The changes to drug laws in 2019 were hoped to trigger a new era of a less punitive and more health-based approach to recreational drug use. Some of that has happened, but it seems to have already peaked. Derek Cheng investigates.
The latest police data shows the likelihood of being charged for drug use/possession has been steadying and is now about 50/50 but for first-time offending it has dropped to 17 per cent.
If police catch you with cannabis, the charging likelihood falls to about one in three, but for methamphetamine it’s still high at about three in four. But if you have no history of drug use offending, this drops to 12 per cent for cannabis and 25 per cent for methamphetamine.
These trends are revealed in the data behind the latest Policing of Drugs in New Zealand report, which shows how police have been dealing with drug use/possession since the Misuse of Drugs Act changes in 2019.
The changes were meant to swing the pendulum away from punitive approaches towards a health-based approach. They were characterised at the time as effective decriminalisation - though not by politicians - because they clarified that police shouldn’t prosecute for drug use if a therapeutic approach would be “more beneficial to the public interest”.
A new health referral pathway was added to the suite of police options, but since the law change it is only being taken up in 3 per cent of all drug use/possession proceedings. How to improve take-up has been an issue from the beginning.
One of the biggest changes is how police deal with first-time drug use/possession offenders, half of whom were prosecuted in the period through 2016 and most of 2017. This dropped to 35 per cent for the 22 months before the law change, and has since fallen to just 17 per cent.
For those with a history of drug use, the prosecution rate jumps to 58 per cent (including 43 per cent for cannabis and 75 per cent for methamphetamine). This has prompted the Drug Foundation to question why someone with an offending history, who might be in more need of a health-based response, should be more likely to face charges.
Māori remain over-represented and make up 38 per cent of all drug use/possession police proceedings, but police say other factors such as age, offending history and severity of the offence are the main determinants in how drug use/possession is policed, while ethnicity has “little or no bearing”.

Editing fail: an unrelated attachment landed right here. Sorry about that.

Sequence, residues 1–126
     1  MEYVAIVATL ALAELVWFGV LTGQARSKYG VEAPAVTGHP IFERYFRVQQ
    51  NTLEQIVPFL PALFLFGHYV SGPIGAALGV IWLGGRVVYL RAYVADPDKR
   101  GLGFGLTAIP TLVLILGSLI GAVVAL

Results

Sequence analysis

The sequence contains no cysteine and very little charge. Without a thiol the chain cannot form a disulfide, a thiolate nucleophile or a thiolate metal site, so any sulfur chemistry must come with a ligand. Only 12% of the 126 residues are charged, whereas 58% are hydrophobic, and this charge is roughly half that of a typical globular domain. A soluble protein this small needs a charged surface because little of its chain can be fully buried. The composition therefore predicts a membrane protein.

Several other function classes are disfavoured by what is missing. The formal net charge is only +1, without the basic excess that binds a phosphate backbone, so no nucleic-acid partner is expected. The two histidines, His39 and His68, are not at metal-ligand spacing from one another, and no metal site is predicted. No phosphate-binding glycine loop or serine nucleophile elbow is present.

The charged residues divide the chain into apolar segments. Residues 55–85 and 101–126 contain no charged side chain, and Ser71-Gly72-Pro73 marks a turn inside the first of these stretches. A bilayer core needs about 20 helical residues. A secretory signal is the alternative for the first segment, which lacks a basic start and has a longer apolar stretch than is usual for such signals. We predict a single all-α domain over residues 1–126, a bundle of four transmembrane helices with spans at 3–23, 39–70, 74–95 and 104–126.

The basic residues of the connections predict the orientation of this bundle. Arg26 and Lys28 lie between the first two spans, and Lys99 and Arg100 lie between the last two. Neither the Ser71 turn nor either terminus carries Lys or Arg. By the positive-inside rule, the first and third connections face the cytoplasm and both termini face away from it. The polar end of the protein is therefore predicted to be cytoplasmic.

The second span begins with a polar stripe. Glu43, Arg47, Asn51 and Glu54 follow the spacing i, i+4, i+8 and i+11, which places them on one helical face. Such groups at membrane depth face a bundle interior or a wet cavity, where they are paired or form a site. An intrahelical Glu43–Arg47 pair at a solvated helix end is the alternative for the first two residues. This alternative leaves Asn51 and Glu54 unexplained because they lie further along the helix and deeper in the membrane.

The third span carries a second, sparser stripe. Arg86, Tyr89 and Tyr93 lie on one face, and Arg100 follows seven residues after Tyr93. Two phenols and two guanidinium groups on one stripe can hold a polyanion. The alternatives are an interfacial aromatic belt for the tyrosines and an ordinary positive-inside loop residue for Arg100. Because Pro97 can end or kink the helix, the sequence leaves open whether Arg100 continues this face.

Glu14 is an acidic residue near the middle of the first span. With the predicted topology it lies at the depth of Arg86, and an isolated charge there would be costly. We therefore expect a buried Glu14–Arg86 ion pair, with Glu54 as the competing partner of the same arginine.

This mirrors similar findings two years ago after police crunched data for all drug use/possession proceedings.
But looking at the data where drug use is the most serious offence is considered a more accurate picture of how police deal with drug users. This data has shown a steeper drop in prosecutions for non-Maori than for Maori, according to previous investigations by both the Herald and the Ministry of Health.
More punitive to less punitive to equally punitive
The police report, by police chief data scientist Dr Sheree de Malmanche, looked at monthly data for all drug use/possession proceedings across three periods from January 2016 to the end of June 2023, as well as different age groups (youth and adult), ethnicities, offending history, and across all 12 police districts.
During 2016 and most of 2017, the non-prosecution rate had been more or less steady. The use of alternative action became increasingly more common in the 22 months before the law change, and afterwards there was an 18-month period (from April 2020 to November 2021) when it was used more often than prosecution.
For the 20 months since then, the pendulum swung the other way and police use of prosecution and alternative action has been largely the same.
“The drop-off in alternative action really signals that discretion may have come to the end of its positive impact on convictions,” Drug Foundation executive director Sarah Helm said.
For cannabis use/possession, the use of alternative action became more common than prosecution in May 2018 (and for first-time offenders since April 2016), and its use relative to prosecution has become more pronounced since the law change.